Reframing Abstract Expressionism

Subjectivity and Painting in the 1940s

Michael Leja

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February 27, 1997
400 pages, 7 x 10
92 b/w illus.
ISBN: 9780300070828
Paper

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Cloth

In the wake of World War II, the paintings of Jackson Pollock, Mark Rothko, Barnett Newman, Willem de Kooning, and other New York School artists participated in a culture-wide initiative to reimagine the self. At a time when widely held beliefs about human nature and the human condition were coming to seem to many commentators increasingly outdated and inadequate, Abstract Expressionism gave compelling visual form to a new subjectivity—a new experience and idea of self.

In this original and wide-ranging study, Michael Leja argues that the interest of these artists in tapping "primitive" and unconscious components of self aligns them with many contemporary essayists, Hollywood filmmakers, journalists, and popular philosophers who were turning, like the artists, to psychology, anthropology, and philosophy in the effort to reformulate individual identity. Taking Pollock's paintings and their reception as a case study, Leja shows that critics located in Pollock's abstract forms a web of metaphors—including spatial entrapment, conflicted production, energy flow, gendered opposition, and unconsciousness—that situated the paintings in mainstream cultural discourses on the individual's sense of self and identity. In this interpretative frame, the cultural and ideological character of the art is illuminated. According to Leja, Abstract Expressionism effectively enacted and represented the new, conflicted, layered subjectivity, a feature that helps to account for the support and interest it garnered from cultural and political institutions alike.

Michael Leja is assistant professor of art history at Northwestern University.

"The best and fullest account to date of the content of New York School painting and its intense subjectivity. . . . A brilliant book, informed by a powerful critical intelligence as well as sensitivity and imagination. It eclipses all previous publications and opens new vistas for future interpretations. Highly recommended."—Choice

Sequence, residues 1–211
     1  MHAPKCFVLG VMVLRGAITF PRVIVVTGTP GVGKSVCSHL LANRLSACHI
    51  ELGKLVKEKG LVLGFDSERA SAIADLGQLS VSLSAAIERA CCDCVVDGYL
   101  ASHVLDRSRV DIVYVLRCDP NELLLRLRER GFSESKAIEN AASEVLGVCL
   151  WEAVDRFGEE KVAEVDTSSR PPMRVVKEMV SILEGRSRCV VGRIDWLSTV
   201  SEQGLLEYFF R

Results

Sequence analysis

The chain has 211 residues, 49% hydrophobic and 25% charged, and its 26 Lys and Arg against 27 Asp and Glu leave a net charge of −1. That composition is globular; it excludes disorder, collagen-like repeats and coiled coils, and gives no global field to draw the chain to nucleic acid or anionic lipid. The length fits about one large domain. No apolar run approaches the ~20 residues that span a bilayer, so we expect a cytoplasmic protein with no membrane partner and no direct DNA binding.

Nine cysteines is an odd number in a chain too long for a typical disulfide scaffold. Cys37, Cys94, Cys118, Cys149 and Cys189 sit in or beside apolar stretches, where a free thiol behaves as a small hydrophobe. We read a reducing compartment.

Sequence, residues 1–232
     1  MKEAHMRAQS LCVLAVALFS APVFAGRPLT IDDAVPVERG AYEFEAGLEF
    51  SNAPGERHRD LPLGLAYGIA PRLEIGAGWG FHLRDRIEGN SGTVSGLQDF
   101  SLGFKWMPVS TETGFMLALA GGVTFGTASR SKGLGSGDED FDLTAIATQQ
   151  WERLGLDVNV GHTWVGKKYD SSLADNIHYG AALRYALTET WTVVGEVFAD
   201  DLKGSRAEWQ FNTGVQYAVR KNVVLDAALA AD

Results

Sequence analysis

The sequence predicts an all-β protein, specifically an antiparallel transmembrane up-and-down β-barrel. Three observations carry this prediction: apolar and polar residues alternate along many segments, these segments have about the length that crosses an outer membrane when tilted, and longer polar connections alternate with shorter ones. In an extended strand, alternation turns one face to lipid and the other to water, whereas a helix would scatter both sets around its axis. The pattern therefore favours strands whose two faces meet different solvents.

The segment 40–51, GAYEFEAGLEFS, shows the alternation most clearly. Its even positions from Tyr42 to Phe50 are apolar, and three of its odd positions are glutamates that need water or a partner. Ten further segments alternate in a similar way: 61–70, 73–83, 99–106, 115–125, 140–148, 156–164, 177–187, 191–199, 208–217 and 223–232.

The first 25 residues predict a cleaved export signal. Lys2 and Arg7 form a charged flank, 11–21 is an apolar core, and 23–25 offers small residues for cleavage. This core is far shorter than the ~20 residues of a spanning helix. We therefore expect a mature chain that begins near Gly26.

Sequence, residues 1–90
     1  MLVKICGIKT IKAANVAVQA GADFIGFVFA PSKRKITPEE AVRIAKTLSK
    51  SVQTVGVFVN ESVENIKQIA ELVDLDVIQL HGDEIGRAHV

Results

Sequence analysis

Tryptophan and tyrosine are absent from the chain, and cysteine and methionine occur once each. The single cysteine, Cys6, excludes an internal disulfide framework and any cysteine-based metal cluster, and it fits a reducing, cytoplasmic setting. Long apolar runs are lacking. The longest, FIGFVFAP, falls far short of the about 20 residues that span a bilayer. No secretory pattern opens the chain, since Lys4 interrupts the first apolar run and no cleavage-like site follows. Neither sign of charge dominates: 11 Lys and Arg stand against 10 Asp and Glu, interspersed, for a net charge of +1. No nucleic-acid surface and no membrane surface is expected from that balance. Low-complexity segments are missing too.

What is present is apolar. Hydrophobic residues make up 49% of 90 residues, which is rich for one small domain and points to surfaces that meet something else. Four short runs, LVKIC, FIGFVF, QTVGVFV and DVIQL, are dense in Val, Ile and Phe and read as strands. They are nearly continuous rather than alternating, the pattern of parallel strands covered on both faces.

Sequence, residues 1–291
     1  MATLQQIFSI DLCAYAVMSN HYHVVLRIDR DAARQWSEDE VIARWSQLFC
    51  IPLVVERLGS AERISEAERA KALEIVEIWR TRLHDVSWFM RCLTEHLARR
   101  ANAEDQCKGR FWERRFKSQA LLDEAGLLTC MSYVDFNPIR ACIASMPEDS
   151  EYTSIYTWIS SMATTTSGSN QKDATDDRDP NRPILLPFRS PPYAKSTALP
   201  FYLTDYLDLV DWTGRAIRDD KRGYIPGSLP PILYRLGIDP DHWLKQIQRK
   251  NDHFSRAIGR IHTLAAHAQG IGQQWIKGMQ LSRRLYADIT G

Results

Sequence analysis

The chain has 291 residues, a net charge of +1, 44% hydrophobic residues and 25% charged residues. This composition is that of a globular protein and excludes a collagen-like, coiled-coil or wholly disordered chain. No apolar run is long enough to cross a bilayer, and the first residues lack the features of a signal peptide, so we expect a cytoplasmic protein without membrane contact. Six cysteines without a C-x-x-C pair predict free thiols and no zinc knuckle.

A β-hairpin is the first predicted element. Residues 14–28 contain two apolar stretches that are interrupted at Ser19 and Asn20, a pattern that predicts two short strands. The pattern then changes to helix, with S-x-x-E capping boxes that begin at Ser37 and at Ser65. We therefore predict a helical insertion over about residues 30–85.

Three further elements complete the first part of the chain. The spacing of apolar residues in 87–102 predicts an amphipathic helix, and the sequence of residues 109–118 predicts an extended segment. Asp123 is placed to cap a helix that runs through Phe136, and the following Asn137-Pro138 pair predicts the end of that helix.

"Leja [provides a] thorough, perceptive elucidation of contemporary anthropological and psychological discussions that helped shape the creation and reception of work by Jackson Pollock and others. . . . Leja articulates common features and differences among the abstract expressionists and analyzes the extent to which they constituted a movement."—George H. Roeder, Jr., Journal of American History

"[A] balanced, pragmatic approach to the problematics of discussing a 'movement' that demonstrated so much centrifugal force and attracted so much highly wrought, melodramatic, and often tantalizingly opaque prose. . . . Reforming Abstract Expressionism provides a much-needed distillation of popular intellectual preoccupations in the 1940s."—Jeannene M. Przyblyski, Art Bulletin

"A densely written and refreshingly speculative view of Abstract Expressionism. . . . Clearly one of the most remarkable such studies to appear in the past decade."—Robert Hobbs, Art Journal

"Among the most impressive studies in art history I have read in recent years….True to its title, Reframing Abstract Expressionism provides a highly suggestive new framework for understanding some of the most intensely discussed art of the 20th century, and along the way it offers an important new account of the formation and nature of the New York avant-garde."—Andrew Hemingway, Oxford Art Journal

"A marvelous analysis—informed, intelligent, and thoughtful—that takes an important step toward situating mid-century American painting in its cultural context."—Ann Gibson, State University of New York at Stony Brook

Winner of the 1996 Charles C. Eldredge Prize, awarded by the National Museum of American Art, Smithsonian Institution